Neil Gaiman’s Sandman series is one of the classics of the comics world. Much like an English major confessing that they’ve never read Shakespeare, when you tell people you haven’t read Sandman they give you horrified looks and instantly volunteer their collection. And, much like the bereft English major who has never encountered Hamlet or Macbeth, when you do get around to reading Sandman, get ready to be enthralled.
The Sandman series was written between the years 1987 and 1996, and compiled into 10 graphic novels of varying lengths. This past year Neil Gaiman delighted fans and issued an eleventh volume in the Sandman series.
Sandman is a smart series. It is complex and thoughtful. Like all the best stories it’s about consequences and challenges and change. Norman Mailer perhaps characterized Gaiman’s achievement best when he said, “Sandman is a comic strip for intellectuals and I say it’s about time.” Happy reading.
The Sandman series introduces the reader to the world of the Endless. They are not gods. Gods fade and die as their worshippers die and the names of their god’s are forgotten; the Endless simply are. They are Destiny, Death, Dream, Desire, Despair, and Delirium, and their lost brother Destruction. The narrative of the Sandman books leads the reader through the labyrinthine relationships between the brothers and sisters, and their interactions with the human world.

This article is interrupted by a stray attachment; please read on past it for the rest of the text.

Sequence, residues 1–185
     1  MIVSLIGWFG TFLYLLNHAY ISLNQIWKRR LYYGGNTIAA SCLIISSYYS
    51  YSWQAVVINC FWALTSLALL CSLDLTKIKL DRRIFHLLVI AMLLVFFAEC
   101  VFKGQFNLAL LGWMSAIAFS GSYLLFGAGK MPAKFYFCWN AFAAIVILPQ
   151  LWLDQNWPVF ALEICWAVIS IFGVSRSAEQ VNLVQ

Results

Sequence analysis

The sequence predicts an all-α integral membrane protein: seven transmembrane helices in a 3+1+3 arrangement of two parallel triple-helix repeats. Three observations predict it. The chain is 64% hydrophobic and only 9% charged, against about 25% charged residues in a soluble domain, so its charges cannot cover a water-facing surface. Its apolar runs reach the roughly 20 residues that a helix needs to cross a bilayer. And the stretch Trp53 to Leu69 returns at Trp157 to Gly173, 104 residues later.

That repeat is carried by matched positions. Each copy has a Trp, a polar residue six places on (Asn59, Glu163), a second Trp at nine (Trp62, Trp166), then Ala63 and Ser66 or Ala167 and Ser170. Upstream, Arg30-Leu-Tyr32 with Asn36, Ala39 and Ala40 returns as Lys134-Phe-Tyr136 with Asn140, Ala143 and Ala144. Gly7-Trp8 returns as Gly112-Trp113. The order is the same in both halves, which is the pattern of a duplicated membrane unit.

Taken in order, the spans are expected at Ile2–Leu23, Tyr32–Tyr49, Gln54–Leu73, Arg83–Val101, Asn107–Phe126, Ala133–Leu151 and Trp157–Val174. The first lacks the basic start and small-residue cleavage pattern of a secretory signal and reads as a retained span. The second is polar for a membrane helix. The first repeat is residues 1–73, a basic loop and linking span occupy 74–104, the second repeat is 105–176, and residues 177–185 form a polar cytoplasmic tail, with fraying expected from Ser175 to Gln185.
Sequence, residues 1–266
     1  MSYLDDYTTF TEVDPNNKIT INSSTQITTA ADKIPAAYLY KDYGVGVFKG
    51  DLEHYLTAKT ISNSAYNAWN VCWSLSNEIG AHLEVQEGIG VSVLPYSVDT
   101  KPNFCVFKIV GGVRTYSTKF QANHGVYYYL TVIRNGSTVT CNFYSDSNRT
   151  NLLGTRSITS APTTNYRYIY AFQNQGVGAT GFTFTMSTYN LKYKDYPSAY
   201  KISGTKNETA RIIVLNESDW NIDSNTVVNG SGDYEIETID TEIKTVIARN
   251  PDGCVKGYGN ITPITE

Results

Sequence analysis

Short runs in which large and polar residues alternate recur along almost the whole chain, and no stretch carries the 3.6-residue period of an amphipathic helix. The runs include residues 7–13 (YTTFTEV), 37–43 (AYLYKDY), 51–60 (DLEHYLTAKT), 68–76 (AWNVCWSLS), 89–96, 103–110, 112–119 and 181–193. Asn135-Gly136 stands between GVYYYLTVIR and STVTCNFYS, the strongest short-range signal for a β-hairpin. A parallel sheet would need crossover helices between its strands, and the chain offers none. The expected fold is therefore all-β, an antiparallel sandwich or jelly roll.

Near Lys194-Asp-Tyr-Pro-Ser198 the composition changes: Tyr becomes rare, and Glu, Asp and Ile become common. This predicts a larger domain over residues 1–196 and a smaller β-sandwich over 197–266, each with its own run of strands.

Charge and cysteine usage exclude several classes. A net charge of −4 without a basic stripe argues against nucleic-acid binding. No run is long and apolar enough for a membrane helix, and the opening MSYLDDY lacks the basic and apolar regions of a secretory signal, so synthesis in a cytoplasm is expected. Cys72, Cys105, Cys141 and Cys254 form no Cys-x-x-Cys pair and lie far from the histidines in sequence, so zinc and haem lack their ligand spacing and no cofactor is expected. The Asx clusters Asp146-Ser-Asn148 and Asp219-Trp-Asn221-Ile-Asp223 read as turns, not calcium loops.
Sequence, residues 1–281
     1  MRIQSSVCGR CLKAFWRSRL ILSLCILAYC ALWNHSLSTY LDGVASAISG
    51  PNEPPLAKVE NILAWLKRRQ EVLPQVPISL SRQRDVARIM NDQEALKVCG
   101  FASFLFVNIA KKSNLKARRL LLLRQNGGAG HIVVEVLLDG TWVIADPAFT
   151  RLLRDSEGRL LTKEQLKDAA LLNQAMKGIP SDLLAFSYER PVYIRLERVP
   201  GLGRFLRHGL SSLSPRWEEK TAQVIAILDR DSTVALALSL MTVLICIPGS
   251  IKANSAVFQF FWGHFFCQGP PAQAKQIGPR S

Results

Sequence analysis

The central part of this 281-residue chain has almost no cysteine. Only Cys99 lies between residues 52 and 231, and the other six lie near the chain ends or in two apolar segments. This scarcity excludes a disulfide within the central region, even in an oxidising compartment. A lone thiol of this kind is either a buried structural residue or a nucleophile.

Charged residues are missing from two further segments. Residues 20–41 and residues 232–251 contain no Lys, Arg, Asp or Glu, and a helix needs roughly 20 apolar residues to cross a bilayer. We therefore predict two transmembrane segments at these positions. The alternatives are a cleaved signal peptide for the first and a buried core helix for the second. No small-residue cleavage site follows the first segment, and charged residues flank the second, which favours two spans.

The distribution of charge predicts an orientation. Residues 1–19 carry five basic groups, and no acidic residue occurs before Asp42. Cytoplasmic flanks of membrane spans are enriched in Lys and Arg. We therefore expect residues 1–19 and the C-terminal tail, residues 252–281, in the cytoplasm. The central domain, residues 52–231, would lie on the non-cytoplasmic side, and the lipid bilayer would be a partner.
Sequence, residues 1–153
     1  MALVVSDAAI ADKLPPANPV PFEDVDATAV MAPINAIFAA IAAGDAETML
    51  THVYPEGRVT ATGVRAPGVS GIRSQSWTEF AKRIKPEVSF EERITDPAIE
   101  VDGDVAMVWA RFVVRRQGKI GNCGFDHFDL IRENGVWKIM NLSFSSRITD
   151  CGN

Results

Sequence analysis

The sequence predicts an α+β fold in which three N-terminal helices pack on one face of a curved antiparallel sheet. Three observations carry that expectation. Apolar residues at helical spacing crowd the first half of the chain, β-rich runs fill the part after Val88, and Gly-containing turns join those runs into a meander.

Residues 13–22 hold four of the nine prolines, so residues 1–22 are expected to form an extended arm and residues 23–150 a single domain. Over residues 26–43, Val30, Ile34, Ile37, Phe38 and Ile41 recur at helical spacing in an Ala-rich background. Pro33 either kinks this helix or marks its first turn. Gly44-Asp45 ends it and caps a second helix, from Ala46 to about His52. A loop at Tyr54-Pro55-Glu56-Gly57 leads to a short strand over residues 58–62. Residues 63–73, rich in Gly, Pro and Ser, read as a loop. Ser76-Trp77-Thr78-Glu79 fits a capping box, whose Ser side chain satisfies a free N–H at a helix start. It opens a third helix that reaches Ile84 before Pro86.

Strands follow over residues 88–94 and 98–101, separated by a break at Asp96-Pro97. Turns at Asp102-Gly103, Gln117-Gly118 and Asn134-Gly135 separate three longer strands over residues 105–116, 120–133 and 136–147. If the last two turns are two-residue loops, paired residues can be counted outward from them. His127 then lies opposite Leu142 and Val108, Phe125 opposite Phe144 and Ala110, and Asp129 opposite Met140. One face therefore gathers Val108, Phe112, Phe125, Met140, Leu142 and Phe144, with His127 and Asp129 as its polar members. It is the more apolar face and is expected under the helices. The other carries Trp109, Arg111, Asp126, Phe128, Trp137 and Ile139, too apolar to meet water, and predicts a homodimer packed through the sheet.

Gaiman populates his world with a variety of characters drawn from a diverse array of mythologies – Christian, Greek, Norse, Egyptian, British. Gaiman has an open door policy on weaving together religion, mysticism, folklore and reality. His immortal gods rub shoulders with mortals who are drawn into Dream’s world. To this rich tapestry Gaiman adds his own characters, including two of my personal favorites, Lucien, Dream’s librarian, and Matthew, Dream’s somewhat insecure and talkative crow. With all of these threads Gaiman creates his own mythology which weaves in and out of the more familiar tales we know and grew up with.
Its hard to talk about the art work in Sandman. Each story tends to be illustrated by a different artist, which is one of the most fascinating aspects of the series, seeing how all of these different artists conceive of the Sandman world. The main characters remain identifiable. Each of the Endless has their own speech quirk, reflected in the font and color of their text which mirrors their character. There are several artists who worked fairly consistently throughout the series – Malcolm Jones, III, Mark Dringenber, Kelly Jones, Colleen Doran, and in many ways they defined the images of the Sandman universe – the strong lines, and dark colors, and the sheer energy of the art. Other artists like Charles Vess and P. Craig Russell have worked on the series, and have added their interpretations and visions of Dream and his siblings.